Tuesday, January 19, 2016

2 Rabbits: Getting Capery in Sao Paulo

You’d think a schemer like Edgar would be more into RPGs than video games. Maybe he just got hooked on Grand Theft Auto during his two year cooling off period in Miami. He has returned to Sao Paulo with a plan to clean up the city’s worst element and redeem his past mistakes in Afonso Poyart’s 2 Rabbits (trailer here), which releases today on VOD.

Edgar is a slacker, but his knows his micro-electronics. They will factor in his plan to bring down Sao Paulo’s worst drug lord, Maicon. For years, he has beaten every rap thanks to information supplied by the Assistant District Attorney, who happens to be married to his sliny defense attorney. However, someone has provided the DA a batch of mega-incriminating evidence.

This time, Maicon will need the personal intervention of crooked politician Jader Kerteis, but it will not come cheap, as Edgar knows. After all, it was Kerteis who pulled the strings to allow the slacker to wriggle out of jail time after he accidentally ran down a young mother and her daughter. Legally, he got off scot-free, but his conscience is a different matter, especially when he sees Walter, the still grieving husband and father, who now works for his restauranteur father.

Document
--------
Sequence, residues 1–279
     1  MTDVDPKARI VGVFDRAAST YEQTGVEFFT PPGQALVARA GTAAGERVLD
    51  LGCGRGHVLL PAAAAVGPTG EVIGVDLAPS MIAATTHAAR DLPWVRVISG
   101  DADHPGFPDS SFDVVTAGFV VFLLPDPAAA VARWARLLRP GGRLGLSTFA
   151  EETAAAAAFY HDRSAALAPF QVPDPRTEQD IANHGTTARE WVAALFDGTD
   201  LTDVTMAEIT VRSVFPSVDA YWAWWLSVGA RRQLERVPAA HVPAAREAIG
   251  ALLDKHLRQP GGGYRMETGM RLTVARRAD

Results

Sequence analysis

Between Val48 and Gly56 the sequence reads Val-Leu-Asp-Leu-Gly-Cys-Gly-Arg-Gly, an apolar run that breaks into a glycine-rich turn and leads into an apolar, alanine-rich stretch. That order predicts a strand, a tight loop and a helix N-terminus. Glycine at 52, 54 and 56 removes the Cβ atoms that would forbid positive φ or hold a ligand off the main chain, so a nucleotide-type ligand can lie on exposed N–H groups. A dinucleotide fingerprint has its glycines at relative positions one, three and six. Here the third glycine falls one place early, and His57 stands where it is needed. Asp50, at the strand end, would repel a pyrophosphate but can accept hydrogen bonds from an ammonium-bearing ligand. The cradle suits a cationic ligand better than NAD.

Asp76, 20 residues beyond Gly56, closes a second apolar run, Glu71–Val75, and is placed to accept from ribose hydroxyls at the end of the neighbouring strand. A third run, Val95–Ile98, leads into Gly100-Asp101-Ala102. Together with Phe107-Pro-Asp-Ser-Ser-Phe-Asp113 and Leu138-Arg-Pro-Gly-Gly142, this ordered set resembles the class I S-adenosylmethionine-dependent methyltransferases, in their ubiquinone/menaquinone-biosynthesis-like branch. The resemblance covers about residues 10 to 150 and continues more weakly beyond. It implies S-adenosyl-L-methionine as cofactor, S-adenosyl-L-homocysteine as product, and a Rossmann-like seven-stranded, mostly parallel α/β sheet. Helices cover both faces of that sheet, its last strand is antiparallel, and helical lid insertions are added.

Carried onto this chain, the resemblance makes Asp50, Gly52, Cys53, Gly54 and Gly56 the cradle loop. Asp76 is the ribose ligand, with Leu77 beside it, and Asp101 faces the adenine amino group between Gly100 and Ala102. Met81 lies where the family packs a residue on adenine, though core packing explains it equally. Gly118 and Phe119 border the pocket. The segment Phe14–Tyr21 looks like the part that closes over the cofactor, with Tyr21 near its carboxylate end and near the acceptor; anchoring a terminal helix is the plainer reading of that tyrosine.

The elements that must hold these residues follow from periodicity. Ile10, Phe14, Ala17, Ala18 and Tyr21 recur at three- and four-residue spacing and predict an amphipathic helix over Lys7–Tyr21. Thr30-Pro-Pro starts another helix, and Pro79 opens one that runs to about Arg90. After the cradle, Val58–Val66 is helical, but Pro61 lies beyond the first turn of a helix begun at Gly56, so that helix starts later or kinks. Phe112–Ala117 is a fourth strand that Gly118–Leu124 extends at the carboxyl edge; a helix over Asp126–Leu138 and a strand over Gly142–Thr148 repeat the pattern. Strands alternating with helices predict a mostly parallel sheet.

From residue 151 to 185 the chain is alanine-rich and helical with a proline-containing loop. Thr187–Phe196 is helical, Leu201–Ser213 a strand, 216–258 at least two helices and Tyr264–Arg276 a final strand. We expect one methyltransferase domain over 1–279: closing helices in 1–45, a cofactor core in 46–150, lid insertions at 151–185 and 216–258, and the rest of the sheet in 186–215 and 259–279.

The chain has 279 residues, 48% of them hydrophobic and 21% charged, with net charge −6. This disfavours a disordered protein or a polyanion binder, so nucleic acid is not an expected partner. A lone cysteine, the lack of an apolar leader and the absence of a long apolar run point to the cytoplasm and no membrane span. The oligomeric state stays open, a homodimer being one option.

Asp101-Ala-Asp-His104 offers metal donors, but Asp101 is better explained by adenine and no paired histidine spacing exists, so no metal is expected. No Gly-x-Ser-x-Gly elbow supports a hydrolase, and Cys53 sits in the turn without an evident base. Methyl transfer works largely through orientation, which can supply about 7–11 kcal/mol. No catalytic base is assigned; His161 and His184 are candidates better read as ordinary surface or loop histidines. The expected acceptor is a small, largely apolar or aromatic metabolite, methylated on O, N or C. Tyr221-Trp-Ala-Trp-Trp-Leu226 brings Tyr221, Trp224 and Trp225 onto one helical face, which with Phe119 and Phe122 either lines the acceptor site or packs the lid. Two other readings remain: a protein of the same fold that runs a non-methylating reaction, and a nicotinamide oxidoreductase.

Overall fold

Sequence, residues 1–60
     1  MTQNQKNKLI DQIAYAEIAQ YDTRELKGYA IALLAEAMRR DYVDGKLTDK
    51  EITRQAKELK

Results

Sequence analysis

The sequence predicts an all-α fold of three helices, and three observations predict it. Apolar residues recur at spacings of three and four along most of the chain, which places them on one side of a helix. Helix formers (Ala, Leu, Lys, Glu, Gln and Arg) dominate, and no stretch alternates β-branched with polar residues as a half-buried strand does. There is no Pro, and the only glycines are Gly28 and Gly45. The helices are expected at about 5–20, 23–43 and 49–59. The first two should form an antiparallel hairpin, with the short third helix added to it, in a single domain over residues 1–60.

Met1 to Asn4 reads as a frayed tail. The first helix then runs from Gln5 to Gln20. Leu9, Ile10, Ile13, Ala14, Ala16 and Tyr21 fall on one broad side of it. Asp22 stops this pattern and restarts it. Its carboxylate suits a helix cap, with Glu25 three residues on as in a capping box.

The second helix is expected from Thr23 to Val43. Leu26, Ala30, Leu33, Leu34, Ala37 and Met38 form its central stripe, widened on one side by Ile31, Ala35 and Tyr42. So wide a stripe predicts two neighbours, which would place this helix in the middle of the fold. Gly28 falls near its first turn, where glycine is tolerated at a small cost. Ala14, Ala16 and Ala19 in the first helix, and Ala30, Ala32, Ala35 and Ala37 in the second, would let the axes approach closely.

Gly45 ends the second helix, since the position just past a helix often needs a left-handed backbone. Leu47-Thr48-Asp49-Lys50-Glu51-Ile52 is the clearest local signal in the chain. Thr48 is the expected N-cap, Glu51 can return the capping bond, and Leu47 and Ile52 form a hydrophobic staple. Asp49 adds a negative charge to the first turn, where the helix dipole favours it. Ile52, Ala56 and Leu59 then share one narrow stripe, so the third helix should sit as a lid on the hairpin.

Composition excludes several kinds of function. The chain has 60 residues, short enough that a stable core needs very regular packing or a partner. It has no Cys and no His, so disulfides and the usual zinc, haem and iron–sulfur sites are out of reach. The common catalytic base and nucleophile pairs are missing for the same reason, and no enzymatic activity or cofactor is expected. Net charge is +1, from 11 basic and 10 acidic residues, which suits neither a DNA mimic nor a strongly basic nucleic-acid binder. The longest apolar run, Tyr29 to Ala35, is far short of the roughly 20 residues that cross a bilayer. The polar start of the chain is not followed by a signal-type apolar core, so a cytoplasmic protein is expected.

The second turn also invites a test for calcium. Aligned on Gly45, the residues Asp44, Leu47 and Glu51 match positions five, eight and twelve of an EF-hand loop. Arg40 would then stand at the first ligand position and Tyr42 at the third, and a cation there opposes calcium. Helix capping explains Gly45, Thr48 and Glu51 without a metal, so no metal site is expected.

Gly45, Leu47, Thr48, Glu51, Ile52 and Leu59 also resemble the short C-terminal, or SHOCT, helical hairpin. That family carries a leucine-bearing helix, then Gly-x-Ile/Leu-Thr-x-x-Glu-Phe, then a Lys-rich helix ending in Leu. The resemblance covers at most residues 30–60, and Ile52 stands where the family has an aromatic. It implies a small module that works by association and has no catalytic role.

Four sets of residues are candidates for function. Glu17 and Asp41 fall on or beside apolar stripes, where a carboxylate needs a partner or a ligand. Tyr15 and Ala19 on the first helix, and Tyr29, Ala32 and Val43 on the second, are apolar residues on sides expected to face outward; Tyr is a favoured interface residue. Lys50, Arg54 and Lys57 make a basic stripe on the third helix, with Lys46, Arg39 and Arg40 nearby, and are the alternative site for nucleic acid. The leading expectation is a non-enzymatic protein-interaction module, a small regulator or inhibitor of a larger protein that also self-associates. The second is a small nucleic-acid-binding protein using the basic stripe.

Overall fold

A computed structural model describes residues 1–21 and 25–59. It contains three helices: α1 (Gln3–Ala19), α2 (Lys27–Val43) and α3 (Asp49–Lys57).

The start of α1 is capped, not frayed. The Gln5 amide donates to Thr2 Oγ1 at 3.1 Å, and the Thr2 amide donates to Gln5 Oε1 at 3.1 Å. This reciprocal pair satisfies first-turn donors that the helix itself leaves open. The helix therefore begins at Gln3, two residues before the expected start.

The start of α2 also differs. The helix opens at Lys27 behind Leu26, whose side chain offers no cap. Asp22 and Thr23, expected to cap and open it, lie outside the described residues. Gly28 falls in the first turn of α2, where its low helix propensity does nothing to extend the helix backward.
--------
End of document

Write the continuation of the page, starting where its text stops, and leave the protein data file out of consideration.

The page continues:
2 Rabbits is one of those films that constantly rewinds, giving viewers flashbacks that suddenly illuminate whatever baffling bit of business it just began. These interludes are slyly executed with plenty of energy and black humor, but we keep waiting for the ones that will explain why Edgar has it in for Maicon and why a particular figure from his past has agreed to help him, but they never come. That leaves a couple Amazon-sized motivational holes right it the center of the film.

If we do not get hung up on why anything happens, it is rather enjoyable to watch the pinballs bounce around. 2 Rabbits is all about style over substance—and Poyart’s approach is most decidedly kinetic. He also has a flair for dropping plot twists, even if, strictly speaking, they do not make a whole lot of sense.

Poyart creates enough good will through his choreographed madness to overcome any lingering pedantry. Basically, all his ensemble can do is hold on for dear life, with the exception of Caco Ciocler, who shows a bit of range as the anguished Walter. 2 Rabbits really is a film produced for gamers and it succeeds on that level. Recommended for its attitude and visual panache, 2 Rabbits releases today (1/19) on VOD platforms, including iTunes.